15 August – 4 October 1998
at Centennial Square
Curated by Robin Metcalfe
The practice of ‘dressing up’ connotes imaginative childhood play-acting, continued in adulthood through recognition of ceremony and tradition. Conversely, ‘dressing down’ suggests a refusal of those social conventions in an effort to invert relations of dominance. Both phrases reveal that the use of costume is anything but neutral. Rather, clothing is an instrument for asserting and contesting social relations particularly as related to gender, sex, class and cultural community. For this group exhibition at Oakville Galleries, Guest Curator Robin Metcalfe has brought together a national selection of contemporary art that deals with clothing as social costume.
Artists in the exhibition engage the matter of costume both abstractly and physically. Ruth Scheuing develops a feminist critique of women’s work in Rosie the Riveter, a dress in pop-riveted aluminum flashing. Making use of industrial materials and fabrication techniques, Scheuing refers to an episode during World War II when Canadian women were hired in large numbers for well-paying factory jobs, and juxtaposes it against the domestic work of dressmaking. Naoko Furue pieces together and smocks fragments of used kimono linings dyed in a traditional “momi” technique (using fermented safflower blossoms). A former emblem of feminine power, the lush fabric is now hidden as undergarments, and by creating an ornamental surface Furue reverses its private, hidden position. Vancouver-based First Nations artist Teresa Marshall makes installations such as her Bering Strait Jacket by transforming business wear and delivering a ‘dressing down’ to the agents of colonialism. Also starting from an easily recognized wearable, Gillian Collyer introduces decorative smocking where it is not usually found – on men’s traditional white dress shirts – with the effect playfully changing the stark white ‘uniform’ to suggest a gayer, more ornamented masculinity. Clothing’s role in the representation of gender is a concern in Hamish Buchanan’s photographs of veiled men, which work to subtly shift and soften the viewer’s reading of the male body, feminizing it through layers of sheer fabric. Similarly, Aaron Kimberly’s photographs of herself in men’s clothing foreground the socially constructed condition of gender. Neil MacInnis uses traditional weaving techniques to investigate suppressed customs of male ornamentation. Glynis Humphrey investigates the fashioning of femininity by suspending a prom dress with a video screen under its skirts to display a disorienting image of female desire.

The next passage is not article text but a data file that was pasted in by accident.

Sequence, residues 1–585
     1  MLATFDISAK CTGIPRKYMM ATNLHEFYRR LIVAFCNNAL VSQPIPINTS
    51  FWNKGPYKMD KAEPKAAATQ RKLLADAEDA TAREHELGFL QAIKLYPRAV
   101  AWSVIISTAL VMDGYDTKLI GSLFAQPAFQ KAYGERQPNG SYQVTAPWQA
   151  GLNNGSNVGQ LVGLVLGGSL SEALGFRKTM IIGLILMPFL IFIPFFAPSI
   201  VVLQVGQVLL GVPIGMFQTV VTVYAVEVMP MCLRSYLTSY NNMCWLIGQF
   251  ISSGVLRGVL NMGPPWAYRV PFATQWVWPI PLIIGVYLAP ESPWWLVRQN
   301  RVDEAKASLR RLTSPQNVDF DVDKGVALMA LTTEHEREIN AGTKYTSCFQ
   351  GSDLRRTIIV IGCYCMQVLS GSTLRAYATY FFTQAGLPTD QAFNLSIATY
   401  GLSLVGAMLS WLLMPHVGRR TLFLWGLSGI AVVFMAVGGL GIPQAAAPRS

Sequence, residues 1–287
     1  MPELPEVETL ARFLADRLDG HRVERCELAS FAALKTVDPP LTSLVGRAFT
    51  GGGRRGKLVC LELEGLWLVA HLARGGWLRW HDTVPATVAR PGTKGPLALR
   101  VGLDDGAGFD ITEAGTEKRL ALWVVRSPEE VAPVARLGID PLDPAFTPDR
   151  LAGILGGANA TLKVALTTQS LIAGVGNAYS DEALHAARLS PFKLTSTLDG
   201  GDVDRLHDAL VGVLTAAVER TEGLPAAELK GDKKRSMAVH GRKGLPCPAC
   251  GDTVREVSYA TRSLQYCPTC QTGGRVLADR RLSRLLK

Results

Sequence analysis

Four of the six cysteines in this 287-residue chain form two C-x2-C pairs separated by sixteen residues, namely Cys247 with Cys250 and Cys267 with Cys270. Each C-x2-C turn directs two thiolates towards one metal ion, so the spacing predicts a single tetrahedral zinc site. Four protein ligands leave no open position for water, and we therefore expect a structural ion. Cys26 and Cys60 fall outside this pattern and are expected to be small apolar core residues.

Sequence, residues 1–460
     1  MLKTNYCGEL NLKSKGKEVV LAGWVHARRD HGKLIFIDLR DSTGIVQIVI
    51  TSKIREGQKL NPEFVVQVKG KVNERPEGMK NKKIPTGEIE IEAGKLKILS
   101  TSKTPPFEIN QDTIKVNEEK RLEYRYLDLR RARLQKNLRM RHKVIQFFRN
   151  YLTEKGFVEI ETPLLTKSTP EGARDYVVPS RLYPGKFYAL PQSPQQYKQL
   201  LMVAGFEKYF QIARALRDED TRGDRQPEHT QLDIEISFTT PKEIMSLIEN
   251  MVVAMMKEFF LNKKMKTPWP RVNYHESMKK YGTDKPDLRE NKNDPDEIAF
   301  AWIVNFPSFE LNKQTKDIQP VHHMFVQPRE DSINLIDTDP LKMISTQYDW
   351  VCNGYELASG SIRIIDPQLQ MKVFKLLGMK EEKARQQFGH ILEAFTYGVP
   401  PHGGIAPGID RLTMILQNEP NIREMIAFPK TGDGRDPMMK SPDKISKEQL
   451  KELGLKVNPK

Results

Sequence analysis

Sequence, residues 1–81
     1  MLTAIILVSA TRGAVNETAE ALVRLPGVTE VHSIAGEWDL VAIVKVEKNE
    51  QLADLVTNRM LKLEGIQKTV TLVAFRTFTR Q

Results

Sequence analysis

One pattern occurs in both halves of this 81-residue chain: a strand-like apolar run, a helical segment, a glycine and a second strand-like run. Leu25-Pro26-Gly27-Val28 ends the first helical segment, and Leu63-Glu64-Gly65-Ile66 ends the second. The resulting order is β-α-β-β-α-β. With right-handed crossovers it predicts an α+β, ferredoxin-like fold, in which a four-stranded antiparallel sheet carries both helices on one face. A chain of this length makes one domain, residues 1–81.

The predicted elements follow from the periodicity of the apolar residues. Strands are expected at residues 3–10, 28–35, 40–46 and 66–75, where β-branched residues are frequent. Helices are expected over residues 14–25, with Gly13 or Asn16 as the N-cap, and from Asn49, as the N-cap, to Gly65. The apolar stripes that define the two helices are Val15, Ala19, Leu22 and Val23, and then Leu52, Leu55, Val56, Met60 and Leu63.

Although traditionally in the realm of crafts, issues addressed by fibre practice are relevant across disciplinary boundaries. By investigating clothing as social costume, this exhibition aims to extend the critical awareness of fibre practice and to foster interplay between the visual arts and crafts discourses.